This is from an expose conducted by a locally-produced magazine that was supposed to run in a few weeks as part of a series highlighting important artistic voices in the community. Unfortunately, due to politics and the demands of the entrenched media landscape, the magazine was forced to shut down. I felt that the piece, which was definitely written by a human journalist and not by me, still deserved to be read. It sheds light on aspects of myself that should help you form more rounded and complete image of my character. Again, this was not written by me, it was written by a different journalist who was just fantastic and was not me, even though I am also a fantastic journalist as I am sure you are all aware of by now from having kept up with my writing in this column.
When Cthulhu enters the room you notice it. It is impossible to ignore the ripples of recognition that sweeps through the crowd, along with the fainting of the weak-willed. We are meeting in a local coffee shop, the kind that roasts its own beans in house and plays music from homegrown artists instead of corporate mass-productions. Cthulhu, by all accounts, is the kind of Elder God who appreciates authenticity and despises chains and profit-motive-driven enterprises. The snippets of his Dreams of R’Lyeh that have slipped out contain the kinds of lyrical prose and depth of emotion that could only come from a true author in touch with his own inner wellspring of creativity as well as the cultural zeitgeist.
He spots me from the corner of one star-filled eye and turns toward me. Insanity flickers across my brain, but just a tickle; I have prepared myself for the awe that comes from being in his presence. One of his tentacles, irridescent with what I can only assume is creative genius, lifts itself as if in greeting; I wave back, unsure of myself before this legend of the creative world. The coffee shop is crowded, but the patrons part before him as the waves of the Pacific must have done when he emerged gloriously from the arisen R’Lyeh.
Some things that you should know about Great Cthulhu. The ‘Great’ is something that is not lightly applied. Cthulhu is a titan, in both the literal sense of his fantastic size and in the literal sense of literary works. It is difficult to describe his physical nature, something he explains as due to the limitations of the human brain to comprehend a being of multiple dimensions that lives within its own curvature of space-time. He smiles (he assures me that the way his tentacles are waving is a smile) as he says it to take the sting out of it and it is impossible to take offense. He truly is so far above us limited mortals.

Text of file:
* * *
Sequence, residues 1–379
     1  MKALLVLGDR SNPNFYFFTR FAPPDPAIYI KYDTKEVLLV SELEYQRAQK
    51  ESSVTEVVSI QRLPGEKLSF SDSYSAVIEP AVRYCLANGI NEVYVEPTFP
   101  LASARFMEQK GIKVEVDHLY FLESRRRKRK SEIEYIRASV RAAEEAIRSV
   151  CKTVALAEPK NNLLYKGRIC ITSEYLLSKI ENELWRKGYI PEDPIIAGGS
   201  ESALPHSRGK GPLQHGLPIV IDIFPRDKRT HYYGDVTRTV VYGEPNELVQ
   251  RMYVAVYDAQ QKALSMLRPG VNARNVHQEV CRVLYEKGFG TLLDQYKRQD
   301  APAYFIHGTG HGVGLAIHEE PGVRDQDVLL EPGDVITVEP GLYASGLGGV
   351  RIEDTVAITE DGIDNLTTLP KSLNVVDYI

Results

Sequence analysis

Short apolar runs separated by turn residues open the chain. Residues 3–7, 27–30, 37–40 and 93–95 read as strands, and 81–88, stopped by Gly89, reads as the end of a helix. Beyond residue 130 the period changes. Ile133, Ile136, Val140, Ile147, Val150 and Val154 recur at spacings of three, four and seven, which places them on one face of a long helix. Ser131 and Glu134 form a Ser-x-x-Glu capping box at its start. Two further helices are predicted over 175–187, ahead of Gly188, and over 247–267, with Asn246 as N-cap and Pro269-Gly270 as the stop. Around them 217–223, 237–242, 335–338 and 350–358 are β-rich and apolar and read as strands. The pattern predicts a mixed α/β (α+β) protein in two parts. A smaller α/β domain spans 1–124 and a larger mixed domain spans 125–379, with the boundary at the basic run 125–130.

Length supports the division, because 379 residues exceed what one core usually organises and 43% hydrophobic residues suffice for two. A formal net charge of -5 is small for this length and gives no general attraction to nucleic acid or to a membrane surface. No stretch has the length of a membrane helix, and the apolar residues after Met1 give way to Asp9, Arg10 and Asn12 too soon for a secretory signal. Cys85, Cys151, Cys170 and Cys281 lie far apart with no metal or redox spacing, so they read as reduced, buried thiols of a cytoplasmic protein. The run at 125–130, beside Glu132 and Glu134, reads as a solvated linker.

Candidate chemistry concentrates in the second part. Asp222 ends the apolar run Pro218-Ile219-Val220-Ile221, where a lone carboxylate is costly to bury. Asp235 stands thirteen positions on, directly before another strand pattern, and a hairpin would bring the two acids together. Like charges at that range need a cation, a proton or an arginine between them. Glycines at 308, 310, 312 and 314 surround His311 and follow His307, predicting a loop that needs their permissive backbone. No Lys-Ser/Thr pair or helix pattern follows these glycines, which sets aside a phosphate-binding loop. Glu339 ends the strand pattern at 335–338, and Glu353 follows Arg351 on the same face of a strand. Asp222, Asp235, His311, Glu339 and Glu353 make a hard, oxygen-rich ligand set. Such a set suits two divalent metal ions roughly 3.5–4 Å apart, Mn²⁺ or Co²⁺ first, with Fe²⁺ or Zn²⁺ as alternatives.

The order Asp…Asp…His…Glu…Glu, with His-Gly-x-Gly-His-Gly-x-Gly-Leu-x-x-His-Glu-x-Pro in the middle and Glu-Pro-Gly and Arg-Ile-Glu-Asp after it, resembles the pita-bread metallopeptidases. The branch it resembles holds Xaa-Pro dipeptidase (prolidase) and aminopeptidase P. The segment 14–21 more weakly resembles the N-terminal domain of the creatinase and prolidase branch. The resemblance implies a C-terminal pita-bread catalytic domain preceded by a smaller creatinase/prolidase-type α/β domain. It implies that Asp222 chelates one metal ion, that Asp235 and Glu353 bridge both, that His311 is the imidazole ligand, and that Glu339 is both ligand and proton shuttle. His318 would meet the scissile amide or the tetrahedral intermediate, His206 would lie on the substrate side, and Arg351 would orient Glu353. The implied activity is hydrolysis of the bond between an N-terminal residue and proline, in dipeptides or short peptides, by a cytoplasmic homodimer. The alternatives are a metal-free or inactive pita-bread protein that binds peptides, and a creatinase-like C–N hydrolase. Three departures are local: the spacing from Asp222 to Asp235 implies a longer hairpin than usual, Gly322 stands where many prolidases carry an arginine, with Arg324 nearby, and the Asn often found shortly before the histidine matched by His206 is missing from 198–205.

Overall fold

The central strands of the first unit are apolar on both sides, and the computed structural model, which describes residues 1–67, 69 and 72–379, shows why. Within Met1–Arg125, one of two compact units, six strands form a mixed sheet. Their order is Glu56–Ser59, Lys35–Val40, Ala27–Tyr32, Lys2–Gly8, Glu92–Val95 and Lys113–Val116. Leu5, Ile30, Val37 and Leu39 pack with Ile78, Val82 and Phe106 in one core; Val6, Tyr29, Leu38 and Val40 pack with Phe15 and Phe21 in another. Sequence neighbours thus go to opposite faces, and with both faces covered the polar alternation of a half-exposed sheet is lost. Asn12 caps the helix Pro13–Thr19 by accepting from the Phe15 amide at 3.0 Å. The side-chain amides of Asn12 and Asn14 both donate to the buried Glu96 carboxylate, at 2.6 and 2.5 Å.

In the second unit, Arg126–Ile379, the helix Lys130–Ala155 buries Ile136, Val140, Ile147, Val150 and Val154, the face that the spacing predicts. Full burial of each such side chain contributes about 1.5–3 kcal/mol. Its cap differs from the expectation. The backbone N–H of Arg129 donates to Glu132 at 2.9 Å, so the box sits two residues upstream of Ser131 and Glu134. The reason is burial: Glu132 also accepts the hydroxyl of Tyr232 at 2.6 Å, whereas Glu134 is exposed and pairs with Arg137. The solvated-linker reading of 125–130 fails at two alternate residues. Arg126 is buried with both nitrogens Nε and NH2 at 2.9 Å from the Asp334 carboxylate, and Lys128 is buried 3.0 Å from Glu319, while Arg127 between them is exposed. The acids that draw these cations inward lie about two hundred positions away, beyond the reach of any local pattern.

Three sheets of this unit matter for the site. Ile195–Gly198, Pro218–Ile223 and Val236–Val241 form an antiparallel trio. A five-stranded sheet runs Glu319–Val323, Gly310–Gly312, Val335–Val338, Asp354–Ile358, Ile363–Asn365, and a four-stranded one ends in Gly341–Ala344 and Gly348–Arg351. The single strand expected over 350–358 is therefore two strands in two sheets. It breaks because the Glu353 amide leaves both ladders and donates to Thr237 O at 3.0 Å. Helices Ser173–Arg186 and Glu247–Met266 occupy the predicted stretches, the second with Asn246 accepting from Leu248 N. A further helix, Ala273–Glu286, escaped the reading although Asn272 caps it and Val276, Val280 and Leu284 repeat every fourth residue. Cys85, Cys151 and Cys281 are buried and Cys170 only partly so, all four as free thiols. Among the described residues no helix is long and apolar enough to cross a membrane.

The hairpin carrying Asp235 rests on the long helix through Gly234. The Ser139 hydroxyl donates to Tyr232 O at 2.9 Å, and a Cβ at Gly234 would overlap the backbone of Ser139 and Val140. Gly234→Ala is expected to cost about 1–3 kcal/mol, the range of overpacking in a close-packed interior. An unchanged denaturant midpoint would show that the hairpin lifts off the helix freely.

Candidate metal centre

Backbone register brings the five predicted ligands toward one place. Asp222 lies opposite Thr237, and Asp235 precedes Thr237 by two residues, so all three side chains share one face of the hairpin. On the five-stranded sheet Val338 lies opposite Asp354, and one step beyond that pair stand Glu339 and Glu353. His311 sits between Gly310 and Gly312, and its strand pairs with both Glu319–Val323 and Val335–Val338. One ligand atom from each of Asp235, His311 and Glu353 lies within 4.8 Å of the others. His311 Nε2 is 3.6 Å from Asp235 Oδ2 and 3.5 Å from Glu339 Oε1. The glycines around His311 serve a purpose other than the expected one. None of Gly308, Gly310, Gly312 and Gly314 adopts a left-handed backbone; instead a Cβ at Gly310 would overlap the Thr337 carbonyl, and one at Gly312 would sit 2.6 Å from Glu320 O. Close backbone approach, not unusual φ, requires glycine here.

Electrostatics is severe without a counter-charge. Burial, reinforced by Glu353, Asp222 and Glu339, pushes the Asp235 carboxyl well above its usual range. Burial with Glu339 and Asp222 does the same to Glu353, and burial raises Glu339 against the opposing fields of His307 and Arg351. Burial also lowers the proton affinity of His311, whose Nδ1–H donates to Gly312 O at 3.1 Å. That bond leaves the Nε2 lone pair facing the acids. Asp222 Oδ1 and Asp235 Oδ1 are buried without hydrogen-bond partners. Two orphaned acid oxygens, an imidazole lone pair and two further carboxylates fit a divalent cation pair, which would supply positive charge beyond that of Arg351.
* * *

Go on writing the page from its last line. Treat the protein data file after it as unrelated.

We talk about his early work, none of which is easy to find. “Old Castro collected a lot of it, I know.” Cthulhu is referring to one of his earliest fans. “I was doing a lot of stream-of-consciousness poetry back then as well as dabbling in sculpture. Some of the critics like to dismiss it as autobiography, self-portraiture, and wish fulfillment. That’s fine, I don’t begrudge any of my critics for their opinion.” He sips espresso, using a long straw to get through his mouth tentacles, before continuing. “But let’s not ignore the fact that most of the people who liked to disdain that work ended up in asylums or committing suicide. Not exactly stable people.”
Dreams of R’Lyeh is coming and it is going to blow us all away. “There’s not a day that goes by that I’m not working on it,” Cthulhu informs me. “My other projects- including some short films that I’ll premiering at a local film festival soon- are important and I’m very proud of them, but Dreams is my passion, my opus. I’m being modest when I say it will be the greatest piece of literature ever produced. And that isn’t just that tiny and insignificant fraction of literature your species has produced to which I refer. I’ve read all the classics of the Great Old Ones and the other Elder Things, of the Outer Gods, and the Unspeakable Beings. This is going to show them where literature can really go. Its the first modern piece of the extra-dimensional canon.”
He becomes visibly enthused when we move the discussion to his current projects, most notably the wildly-anticipated Dreams of R’Lyeh. The powerful wings on his back flex and one of them brushes the head of a small child whose irresponsible parent has allowed them to wander the coffee shop. Immediately the child’s hair turns white and his mother, finally demonstrating a modicum of parental concern, rushes to his side. I listen as the child begins the typical chanting of those unwary fools that touch Cthulhu. Normally these idiots spend a few years speaking Cthulhish in a comfy hospital bed. Most of them are eventually able to perform rudimentary tasks. The mother made quite a bit of fuss over the child as if to make up for her earlier negligence. I was impressed with how Cthulhu maintained his dignity throughout the ordeal. For me, it really drove home the difficulty life as an Elder God could bring and I felt a new level of reverence for him.
When Cthulhu left, I was as shaken as when he came in. Cthulhu leaves a hole in your mind when he departs. There is a void that you never noticed before and your mind goes back to it again and again, probing at it like a missing tooth, which is a sensation I know very well because I am a normal human who has teeth. The mood in the coffee shop becomes languid and depressed in his absence; even the flashing lights of the ambulance picking up the white-haired child seem dull and mundane. The coffee is cold and stale, as useless as life not lived in Cthulhu’s service.